- Amazon reported first-quarter earnings that crushed expectations on Thursday.
- The stock spiked to an all-time high, up more than 7%, on the results.
- Follow Amazon’s stock price in real-time here.
Here are the key figures:
- Revenue: $51.04 billion versus an expected $49.96 billion.
- Earnings per share (GAAP): $3.27 a share versus an expected $1.26.
- Revenue guidance (Q2): $51 billion to $54 billion. Analysts had previously forecast sales of $52.27 billion. In the second quarter last year, the company posted $37.96 billion in sales.
- Operating income guidance (Q2): $1.1 billion to $1.9 billion. Amazon recorded $628 million in operating income in last year’s second quarter.
The stock’s previous all-time high was $1,617, hit in March of this year.
Amazon saw strong gains from its North American retail segment, thanks in part due to Whole Foods, which it acquired in the second half of last year. Sales from that segment rose 46% year-over-year to $30.7 billion in the quarter. The segment posted an operating profit of $1.1 billion, which was nearly double the $596 million operating profit it recorded last year.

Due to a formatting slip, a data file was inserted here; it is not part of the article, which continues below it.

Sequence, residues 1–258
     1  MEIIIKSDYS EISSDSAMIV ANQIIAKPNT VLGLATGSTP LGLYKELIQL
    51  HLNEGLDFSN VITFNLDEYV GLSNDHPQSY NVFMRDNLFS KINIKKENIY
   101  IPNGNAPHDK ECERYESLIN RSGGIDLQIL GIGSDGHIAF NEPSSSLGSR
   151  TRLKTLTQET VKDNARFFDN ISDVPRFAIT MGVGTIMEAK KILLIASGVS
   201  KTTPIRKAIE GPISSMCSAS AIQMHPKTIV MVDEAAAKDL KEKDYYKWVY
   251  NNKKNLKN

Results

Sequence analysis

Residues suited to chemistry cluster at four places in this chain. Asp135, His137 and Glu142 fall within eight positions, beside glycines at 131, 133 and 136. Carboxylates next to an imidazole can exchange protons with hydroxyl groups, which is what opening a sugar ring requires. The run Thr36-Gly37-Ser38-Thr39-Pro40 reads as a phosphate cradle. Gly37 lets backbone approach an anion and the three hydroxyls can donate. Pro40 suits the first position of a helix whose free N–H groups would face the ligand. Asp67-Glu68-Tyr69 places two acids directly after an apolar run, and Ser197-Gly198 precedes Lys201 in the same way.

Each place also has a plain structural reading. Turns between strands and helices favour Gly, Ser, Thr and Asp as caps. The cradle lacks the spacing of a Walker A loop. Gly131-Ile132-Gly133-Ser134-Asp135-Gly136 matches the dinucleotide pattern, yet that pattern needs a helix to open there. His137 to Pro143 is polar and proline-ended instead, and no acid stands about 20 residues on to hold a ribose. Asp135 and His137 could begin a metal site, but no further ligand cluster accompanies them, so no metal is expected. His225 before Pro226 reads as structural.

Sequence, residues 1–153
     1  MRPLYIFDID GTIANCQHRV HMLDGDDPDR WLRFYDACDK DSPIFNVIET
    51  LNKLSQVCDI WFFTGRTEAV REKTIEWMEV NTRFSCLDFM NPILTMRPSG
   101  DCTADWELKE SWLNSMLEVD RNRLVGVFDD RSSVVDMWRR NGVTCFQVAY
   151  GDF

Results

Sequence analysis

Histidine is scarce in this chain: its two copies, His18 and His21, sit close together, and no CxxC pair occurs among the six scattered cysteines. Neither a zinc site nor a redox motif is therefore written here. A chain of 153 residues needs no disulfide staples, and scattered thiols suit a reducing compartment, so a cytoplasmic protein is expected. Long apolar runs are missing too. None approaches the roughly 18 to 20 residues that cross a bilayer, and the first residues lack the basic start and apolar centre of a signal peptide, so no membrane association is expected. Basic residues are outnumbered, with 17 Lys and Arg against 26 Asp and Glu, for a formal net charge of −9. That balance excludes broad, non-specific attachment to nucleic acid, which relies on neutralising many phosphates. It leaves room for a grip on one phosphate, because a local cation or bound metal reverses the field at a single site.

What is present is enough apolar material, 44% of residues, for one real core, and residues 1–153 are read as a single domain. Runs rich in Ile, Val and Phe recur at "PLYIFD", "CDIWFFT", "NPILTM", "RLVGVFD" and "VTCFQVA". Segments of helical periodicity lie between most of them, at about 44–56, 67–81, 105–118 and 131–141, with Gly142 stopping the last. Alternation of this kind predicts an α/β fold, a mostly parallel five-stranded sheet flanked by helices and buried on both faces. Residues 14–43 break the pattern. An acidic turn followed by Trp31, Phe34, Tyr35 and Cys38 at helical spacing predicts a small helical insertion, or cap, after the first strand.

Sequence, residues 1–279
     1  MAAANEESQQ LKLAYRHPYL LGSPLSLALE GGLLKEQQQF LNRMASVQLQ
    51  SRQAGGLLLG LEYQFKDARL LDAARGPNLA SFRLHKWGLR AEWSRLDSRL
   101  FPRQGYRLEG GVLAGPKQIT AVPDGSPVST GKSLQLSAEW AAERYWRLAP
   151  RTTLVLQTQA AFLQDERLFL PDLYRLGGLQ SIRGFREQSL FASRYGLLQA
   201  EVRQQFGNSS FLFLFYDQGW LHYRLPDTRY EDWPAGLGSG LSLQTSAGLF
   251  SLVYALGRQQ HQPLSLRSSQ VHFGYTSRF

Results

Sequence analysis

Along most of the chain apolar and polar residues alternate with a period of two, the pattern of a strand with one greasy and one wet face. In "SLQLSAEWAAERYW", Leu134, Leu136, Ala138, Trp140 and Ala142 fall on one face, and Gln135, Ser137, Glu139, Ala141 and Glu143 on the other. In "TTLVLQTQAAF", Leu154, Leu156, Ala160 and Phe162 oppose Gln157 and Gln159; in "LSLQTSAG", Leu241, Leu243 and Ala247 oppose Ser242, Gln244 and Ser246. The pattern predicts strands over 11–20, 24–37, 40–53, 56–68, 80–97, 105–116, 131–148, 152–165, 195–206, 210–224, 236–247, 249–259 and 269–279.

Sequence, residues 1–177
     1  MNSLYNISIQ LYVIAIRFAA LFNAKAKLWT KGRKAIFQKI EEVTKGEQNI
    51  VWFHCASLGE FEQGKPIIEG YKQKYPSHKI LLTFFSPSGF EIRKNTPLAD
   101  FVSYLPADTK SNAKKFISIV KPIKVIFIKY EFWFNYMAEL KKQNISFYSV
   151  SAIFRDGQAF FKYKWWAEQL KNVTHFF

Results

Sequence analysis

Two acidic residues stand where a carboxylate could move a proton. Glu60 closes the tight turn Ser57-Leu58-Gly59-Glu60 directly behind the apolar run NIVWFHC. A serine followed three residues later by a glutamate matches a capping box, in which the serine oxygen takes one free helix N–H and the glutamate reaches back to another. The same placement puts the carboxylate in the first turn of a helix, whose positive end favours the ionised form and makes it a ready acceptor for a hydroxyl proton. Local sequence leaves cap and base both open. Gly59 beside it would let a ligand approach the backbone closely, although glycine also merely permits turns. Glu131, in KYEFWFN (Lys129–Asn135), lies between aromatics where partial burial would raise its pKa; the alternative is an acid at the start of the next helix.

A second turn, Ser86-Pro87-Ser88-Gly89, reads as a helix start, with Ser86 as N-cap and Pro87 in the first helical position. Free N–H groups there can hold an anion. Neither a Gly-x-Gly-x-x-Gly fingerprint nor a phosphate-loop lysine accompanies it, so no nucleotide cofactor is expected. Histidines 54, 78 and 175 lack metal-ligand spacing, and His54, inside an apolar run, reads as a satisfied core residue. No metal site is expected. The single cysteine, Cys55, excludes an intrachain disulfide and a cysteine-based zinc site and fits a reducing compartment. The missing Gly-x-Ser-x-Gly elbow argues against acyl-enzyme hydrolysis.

Whole Foods and Amazon’s other physical stores contributed $4.3 billion in sales for the segment. Without them, Amazon’s North American online sales grew by 18%.
More impressively, the company’s cloud business — Amazon Web Services — saw its sales grow 49% to $5.4 billion. Yet again AWS contributed the lion’s share of Amazon’s profit. The cloud business had operating income of $1.4 billion in the quarter, up from $890 million a year earlier.
Although AWS’s sales have grown at rates of 40% or better for at least the last six quarter, its pace in the just-completed period was the fastest over that time span.
“AWS had the unusual advantage of a seven-year head start before facing like-minded competition, and the team has never slowed down,” Amazon CEO Jeff Bezos said in a statement. “As a result, the AWS services are by far the most evolved and most functionality-rich … That’s why you’re seeing this remarkable acceleration in AWS growth.”
Troy Wolverton contributed to this report.